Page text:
Agasthya, contrary to what A.Banker says in his book, is not one of the seven sages/Saptha Rishi (although I've heard that Mahabharatha mentions that he is). Atri, Bharadhvaja, Gauthama, Jamadagni, Kashyapa, Vashishta, and Vishwamithra are the seven rishis as per the upanishads and brahmanas. Sometimes even Vishwamithra isn't considered to be among the Saptha Rishi (much to the anguish of Kausiga Kothram folks). Vashishta's role is vital in Ramayana. Velukudi Krishnan, in his upanyasam, informs that Vashishta was the first Veda Vyasa. During Ramayana the vedas were a single unit but geographically fragmented (Banker mentions this in his book). Vasishta began the process of dividing the vedas. 'Vyasa' means 'to divide'. Veda Vyasa means the classifier/divider of Vedas. Vasishta was Veda Vyasa I. Vasishta's son Shakthya continued the work, later Shakthya's son Parashara continued to divide and categorize Vedas. The final categorization into 4 vedas was finally completed by Parashara's son Krishna-dwaipayana (who wrote Mahabharatha). Krishna-dwaipayana's son was Sukha, who wrote Srimad Bhagavadham.
To conclude, Banker is a fantastic author and a convincing debater. He has a segment in ‘King of Ayodhya’ – which like Valmiki’s version has demons taunting, teasing, abusing Seetha every minute of the day for days, weeks, months together in an attempt to wear her down (Both versions have Ravana showing a fake dead body of Rama to Seetha) . There is a 2-page segment which has a demoness retell Ramayana, to Seetha, in a way that shows Ravana to be the just person and Rama as an annexing ruffian. This was simply an awesome segment. In two pages, the author makes a fantastic concise argument that is as convincing on the surface as the entire book was for Rama. One needs considerable talent to do this. This indirectly credits the will of Seetha. It is not easy to not believe such a forceful argument. Ravana gets significant space in Valmiki’s book and was not all that bad as he is made out to be on TV. It is good to see Banker describe Ravana (physically and otherwise ) and devote so much space for him. I was very impressed by the importance given to Ravana and the integrity in dealing with Ravana. Banker has 2 more Ramayana books coming up beyond the six. While, I am happy to see Banker change his mind about Utthara Khanda, I am skeptical about his book on Ravana. He can’t beat his high on Ravana. Then again it is perplexing to see him skim over the departure of Vibishena from Ravana’s camp. This was a mega event in Valmiki’s narration and its neglection was disappointing. Ravana, to put it simply, was on the side of a-dharma and was up against a person who would even sacrifice himself to uphold it. As our dear Velukudi says,” when you are on side of dharma even monkeys will help you, when you are on the side of a-dharma your own brother will desert you” .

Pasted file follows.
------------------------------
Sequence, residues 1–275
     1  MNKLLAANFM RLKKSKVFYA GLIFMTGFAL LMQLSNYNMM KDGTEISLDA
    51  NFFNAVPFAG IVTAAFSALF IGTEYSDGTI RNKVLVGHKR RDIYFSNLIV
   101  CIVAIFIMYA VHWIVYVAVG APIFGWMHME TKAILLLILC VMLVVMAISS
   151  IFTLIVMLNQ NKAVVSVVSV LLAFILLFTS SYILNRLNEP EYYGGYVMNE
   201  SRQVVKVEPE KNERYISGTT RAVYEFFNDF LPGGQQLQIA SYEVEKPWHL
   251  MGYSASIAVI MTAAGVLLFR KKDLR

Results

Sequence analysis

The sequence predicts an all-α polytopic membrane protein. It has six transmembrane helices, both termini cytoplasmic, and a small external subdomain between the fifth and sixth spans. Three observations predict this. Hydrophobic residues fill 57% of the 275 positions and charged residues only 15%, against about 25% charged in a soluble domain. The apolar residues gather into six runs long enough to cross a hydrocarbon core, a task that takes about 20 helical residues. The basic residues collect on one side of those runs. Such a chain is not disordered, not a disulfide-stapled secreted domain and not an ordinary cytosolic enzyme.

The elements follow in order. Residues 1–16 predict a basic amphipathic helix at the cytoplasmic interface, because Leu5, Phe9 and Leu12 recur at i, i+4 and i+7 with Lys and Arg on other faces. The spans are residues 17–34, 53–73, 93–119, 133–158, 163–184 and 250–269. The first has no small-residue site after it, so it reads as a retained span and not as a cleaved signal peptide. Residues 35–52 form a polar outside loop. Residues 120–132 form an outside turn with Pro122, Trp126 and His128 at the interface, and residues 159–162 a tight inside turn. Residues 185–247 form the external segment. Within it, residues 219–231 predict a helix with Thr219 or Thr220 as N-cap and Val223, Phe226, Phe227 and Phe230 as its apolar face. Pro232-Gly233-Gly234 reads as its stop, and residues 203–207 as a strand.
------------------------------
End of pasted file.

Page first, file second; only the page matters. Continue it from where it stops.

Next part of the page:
Post Script : Some trivia on Rama's journey
1.Srirangam, the worlds largest active temple, is Rama's parting gift to Vibhishena. Vibhishena unable to carry the deity places it on the banks of Cauvery. It is probably the only temple in S.India that faces south (quite startling in a region where south-facing is typically inauspicious).
2. Ravana was a Pulastya Brahmin. Rama and Lakshmana were immediately cursed with Brahma-hathya curse after they killed him and his family. DevaPrayag temple is a pointer to that.
3. Nathan temple near Kumbakonam, Valvil Raman Temple, Kolavalli Raman Temple and many other Rama temples near Kumbakonam archives small small details about Rama that are very interesting. While in Kumbakonam also visit the Rama Swamy temple for its architecture.
4. Sundara Khanda(m) is read by many women in S. India when they are pregnant. The extraordinary cohesion of sadness and happiness of this khandam, is said to be soothing to the mind. Many women strongly believe that the unborn child can hear the recitation of it.
5. Ramayana books (including Banker's one) describe Rama & Lakshmana as doing Sandhya-vandhanam in the Ganges. Doing so in the ganges is considered as very auspicious by many even today.